Friday, November 26, 2021

New African variant highlights that Africa jas been largely spared by the pandemic

As countries around the world start worrying about a new super-variant of the COVID-19 virus discovered in South Africa, it only serves to underscore the fact that Africa in general seems to have been spared the worst of the pandemic thus far.

A new variant discovered in South Africa, labelled B.1.1.529, has health experts worried because of its "unusual constellation of mutations" and the big jump in evolution it represents. The variant exhibits about 50 different mutations, including over 30 on the spike protein alone, and it is radically different from the original virus that emerged in Wuhan, China, two years ago (yes, two years!)

Scientists are not sure yet just what the implications are for the variant's transmissibility, its symptomology, and the extent to which current vaccines will be effective against it. Thus far, just a handful of cases have been identified - 77 in South Africa, 4 in neighbouring Botswana, and 1 in Hong Kong (directly linked to travel from South Africa), but many scientists are noticeably jumpy around it.

Maps of confirmed cases and deaths from COVID-19 across the world bring out the perhaps unexpected fact that Africa in general (with the marked exception of South Africa) has had a relatively easy time of  the pandemic compared to Europe, North America and Asia. Many researchers have remarked on this and tried to understand why COVID has had less of an impact in Africa, particularly sub-Saharan Africa.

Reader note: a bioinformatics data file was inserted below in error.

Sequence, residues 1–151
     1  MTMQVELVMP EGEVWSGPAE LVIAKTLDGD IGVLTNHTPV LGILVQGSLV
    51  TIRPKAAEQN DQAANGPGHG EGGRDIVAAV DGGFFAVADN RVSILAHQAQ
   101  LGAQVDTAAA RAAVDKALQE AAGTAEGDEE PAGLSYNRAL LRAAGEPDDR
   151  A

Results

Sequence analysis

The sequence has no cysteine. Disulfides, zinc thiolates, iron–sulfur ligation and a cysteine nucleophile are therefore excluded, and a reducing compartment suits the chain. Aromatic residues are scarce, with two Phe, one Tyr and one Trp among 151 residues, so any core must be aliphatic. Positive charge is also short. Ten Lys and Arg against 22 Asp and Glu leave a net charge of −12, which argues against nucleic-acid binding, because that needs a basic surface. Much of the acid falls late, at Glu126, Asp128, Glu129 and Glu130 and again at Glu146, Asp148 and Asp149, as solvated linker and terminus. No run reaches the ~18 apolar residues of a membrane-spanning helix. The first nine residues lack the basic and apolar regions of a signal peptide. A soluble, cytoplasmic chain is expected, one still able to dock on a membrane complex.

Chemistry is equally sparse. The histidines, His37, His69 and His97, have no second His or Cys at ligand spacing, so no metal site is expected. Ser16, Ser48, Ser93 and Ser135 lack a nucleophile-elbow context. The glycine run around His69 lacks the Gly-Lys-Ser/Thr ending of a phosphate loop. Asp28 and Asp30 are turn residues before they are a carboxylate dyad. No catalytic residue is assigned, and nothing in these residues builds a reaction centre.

Top theories are: the relatively young age demographic of sub-Saharan Africa (the median age is half that North America, Europe and Asia); the almost complete lack of long-term care facilities (apart from, notably, South Africa); potential cross-protection from other locally circulating coronaviruses (including several from human-bat interactions); potential under-counting of both deaths and cases due to poor healthcare infrastructure in the region and a lack of adequate testing facilities; and, paradoxically, some rapid and effective government public health responses in the area (including early border closures, strict lockdowns, and the sharing of COVID-19 information across sub-Saharan Africa, and perhaps the fact that Africa's healthcare system, such as it is, is more geared towards infectious diseases than much of the rest of the world). 

I might add that the poorer regions of the world probably have less international travel (and less travel in general) than other areas, which may have had a serendipitously beneficial effect during this time. 

It is certainly notable that the outlier in Africa is South Africa, which has seen a much worse outbreak than the rest of the continent. South Africa is a much richer and more developed country than most of sub-Saharan Africa, with a much higher median age, a long-term care sector, a higher prevalence of non-communicable non-infectious diseases, and a more developed healthcare system with better diagnostic capabilities and better documentation. So, it does all kind of make sense when you stop and think about it.


The new variant is now known as the Omicron variant, and is officially a WHO "variant of concern". Several countries, including Canada and the USA, have already banned travel from South Africa and a few other southern African countries. But the variant has already spread from South Africa to Botswana, Hong Kong, Israel and Belgium (the latter not linked to travel from South Africa, but from Egypt, which is not known to have Omicron cases), so the genie may already be out of the bottle. 

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